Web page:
Disney+ ‘Star Wars’ Day Plans Have Fans Worried About Legal Action On #MayThe4th

Every May 4 is Star Wars Day, because you can say, “May the 4th be with you” and it sounds like “May the force be with you.” Star Wars Day 2020 is going to be special for a lot of reasons. It will be the first May 4th since the Skywalker saga ended with The Rise of Skywalker. Disney+ is planning a Mandalorian documentary and moved the season finale of Clone Wars to the 4th. Oh, and Disney might sue you for tweeting #MayThe4th now.

Star Wars Day on Disney+
Disney+ | Disney

Disney+ tweeted preview of their Star Wars Day plans, and they included a legal disclaimer. They have since clarified what they meant, but it had some fans worried that the Mouse was now exerting control over anyone who tweeted #MayThe4th.

Disney+ solicited ‘Star Wars’ memories for #MayThe4th.

On April 27, the official Disney+ account asked fans to share their favorite Star Wars memories for Star Wars Day. Sounded harmless enough.

“Celebrate the Saga!” Disney+ tweeted. “Reply with your favorite #StarWars memory and you may see it somewhere special on #MayThe4th.”

#MayThe4th Mandalorian Documentary
The Mandalorian | Disney/Lucasfilm

They got over 3000 replies with a few sincere memories, but mostly people angry about the Sequel Trilogy.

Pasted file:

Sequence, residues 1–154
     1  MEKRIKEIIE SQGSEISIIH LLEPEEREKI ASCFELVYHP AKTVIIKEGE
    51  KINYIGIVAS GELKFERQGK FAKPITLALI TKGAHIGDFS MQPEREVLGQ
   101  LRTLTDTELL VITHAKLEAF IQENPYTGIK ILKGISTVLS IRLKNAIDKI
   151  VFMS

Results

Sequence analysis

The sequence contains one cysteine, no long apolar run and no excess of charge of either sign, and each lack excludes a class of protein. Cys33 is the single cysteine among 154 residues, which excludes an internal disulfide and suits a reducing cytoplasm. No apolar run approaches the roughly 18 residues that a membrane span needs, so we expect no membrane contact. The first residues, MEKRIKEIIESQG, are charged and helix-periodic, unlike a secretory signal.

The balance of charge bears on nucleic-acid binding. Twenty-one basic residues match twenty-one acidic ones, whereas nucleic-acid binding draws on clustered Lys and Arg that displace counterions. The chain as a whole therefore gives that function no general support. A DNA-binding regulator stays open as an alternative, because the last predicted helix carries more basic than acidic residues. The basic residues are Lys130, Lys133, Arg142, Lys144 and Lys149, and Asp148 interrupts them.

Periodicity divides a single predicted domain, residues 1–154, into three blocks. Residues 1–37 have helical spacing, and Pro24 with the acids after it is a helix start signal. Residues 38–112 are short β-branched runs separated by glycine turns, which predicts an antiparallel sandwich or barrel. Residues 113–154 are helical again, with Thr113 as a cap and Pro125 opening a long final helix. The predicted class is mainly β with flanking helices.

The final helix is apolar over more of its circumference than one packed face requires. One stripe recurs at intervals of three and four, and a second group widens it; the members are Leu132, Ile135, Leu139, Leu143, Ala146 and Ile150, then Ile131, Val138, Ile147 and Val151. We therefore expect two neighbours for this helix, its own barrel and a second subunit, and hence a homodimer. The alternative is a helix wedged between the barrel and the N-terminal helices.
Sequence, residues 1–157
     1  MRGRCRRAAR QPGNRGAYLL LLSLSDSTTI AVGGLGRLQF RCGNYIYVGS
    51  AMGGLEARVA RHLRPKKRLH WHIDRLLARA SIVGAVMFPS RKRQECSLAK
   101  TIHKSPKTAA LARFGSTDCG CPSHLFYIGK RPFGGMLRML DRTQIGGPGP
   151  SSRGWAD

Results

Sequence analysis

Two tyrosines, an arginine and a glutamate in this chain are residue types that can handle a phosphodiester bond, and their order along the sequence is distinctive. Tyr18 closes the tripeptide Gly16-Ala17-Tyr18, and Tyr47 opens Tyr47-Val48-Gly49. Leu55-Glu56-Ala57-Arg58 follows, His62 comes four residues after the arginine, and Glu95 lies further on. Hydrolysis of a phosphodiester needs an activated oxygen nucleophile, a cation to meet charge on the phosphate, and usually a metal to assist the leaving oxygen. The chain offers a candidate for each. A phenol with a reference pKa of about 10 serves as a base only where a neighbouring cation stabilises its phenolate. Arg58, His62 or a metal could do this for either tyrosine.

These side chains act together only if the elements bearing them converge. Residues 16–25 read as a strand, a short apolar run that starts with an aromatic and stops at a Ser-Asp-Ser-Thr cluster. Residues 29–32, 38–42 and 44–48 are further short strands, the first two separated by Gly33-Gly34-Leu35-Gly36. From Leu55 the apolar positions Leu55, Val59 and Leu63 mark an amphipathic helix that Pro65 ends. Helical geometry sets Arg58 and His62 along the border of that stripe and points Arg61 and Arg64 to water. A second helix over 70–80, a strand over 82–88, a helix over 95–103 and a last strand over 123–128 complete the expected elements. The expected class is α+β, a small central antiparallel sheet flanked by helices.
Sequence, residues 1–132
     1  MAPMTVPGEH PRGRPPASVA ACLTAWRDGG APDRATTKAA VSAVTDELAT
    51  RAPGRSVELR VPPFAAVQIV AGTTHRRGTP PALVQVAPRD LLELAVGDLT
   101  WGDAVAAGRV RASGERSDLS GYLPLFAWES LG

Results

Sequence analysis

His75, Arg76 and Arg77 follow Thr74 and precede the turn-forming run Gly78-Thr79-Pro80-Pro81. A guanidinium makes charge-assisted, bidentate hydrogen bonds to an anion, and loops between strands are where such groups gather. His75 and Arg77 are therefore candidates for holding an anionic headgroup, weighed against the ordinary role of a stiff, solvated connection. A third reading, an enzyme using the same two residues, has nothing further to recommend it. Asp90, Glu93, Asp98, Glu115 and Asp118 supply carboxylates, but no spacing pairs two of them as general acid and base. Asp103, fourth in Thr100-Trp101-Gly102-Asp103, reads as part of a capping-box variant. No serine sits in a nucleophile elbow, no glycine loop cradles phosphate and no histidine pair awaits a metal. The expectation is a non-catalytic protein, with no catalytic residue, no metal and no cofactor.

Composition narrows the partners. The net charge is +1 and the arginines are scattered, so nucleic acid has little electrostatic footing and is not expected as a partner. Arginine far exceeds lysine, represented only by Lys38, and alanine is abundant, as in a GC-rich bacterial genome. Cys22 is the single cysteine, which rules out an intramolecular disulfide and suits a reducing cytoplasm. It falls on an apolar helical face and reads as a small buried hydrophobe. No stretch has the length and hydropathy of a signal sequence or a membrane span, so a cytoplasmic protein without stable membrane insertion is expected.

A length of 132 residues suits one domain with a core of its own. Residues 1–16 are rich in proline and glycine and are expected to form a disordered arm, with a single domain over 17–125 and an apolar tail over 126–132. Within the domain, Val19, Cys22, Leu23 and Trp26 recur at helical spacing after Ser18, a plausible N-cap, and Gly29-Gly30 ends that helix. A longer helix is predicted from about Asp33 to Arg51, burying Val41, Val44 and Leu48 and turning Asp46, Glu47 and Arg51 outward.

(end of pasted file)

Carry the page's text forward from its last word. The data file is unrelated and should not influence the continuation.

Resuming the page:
The next tweet took all the fun out of ‘Star Wars’ Day

Disney+ followed their Star Wars Day tweet with some not so fine print. It turns out Disney wants the rights to #MayThe4th tweets. 

“By sharing your message with us using #MayThe4th, you agree to our use of the message and your account name in all media and our terms of use here: http://disneytermsofuse.com,” Disney+ tweeted.

The Mandalorian documentary | Disney/Lucasfilm

This Twitter user mocked Disney’s attempt to legally own a hashtag. “My favorite Star Wars memory would have to be the time Disney tried to lay legal claim to every tweet on Twitter that used a particular hashtag,” they wrote, adding “#MayThe4th.”

Filmmaker Phil Lord, co-director of The Lego movie and 21/22 Jump Street disapproved of Disney’s tactic for monopolizing Star Wars Day too.

This user gave them a tongue lashing. “You cannot make *use* of a hash tag you didn’t start and don’t own consent to an EULA, you absolute IP ghouls,” he wrote before swearing at them. 

This user dragged Disney’s controversial history of copyright claims into it. “#MayThe4th remind everyone that Disney has effectively destroyed how copyright law should work so they can milk franchises for possibly hundreds of years while creating a scenario where small content creators have their livelihoods threatened for snippets of songs and movies,” wrote “Walt” @_watsu.

Don’t worry, it’s still safe to tweet #MayThe4th

There was enough confusion that Disney+ added a third tweet to their #MayThe4th thread. It turns out the legal disclaimer only applied to direct replies to their Star Wars Day tweet using the hashtag.

It’s clear that Disney+ is planning some sort of compilation of tweets. That hardly seems worth all the bad buzz this generated. Plenty of ad campaigns use tweets. Posting a message that any reply gives Disney ownership of that tweet is a bit extreme. Normally, marketing firms reach out to the authors of a tweet and ask for permission to use it.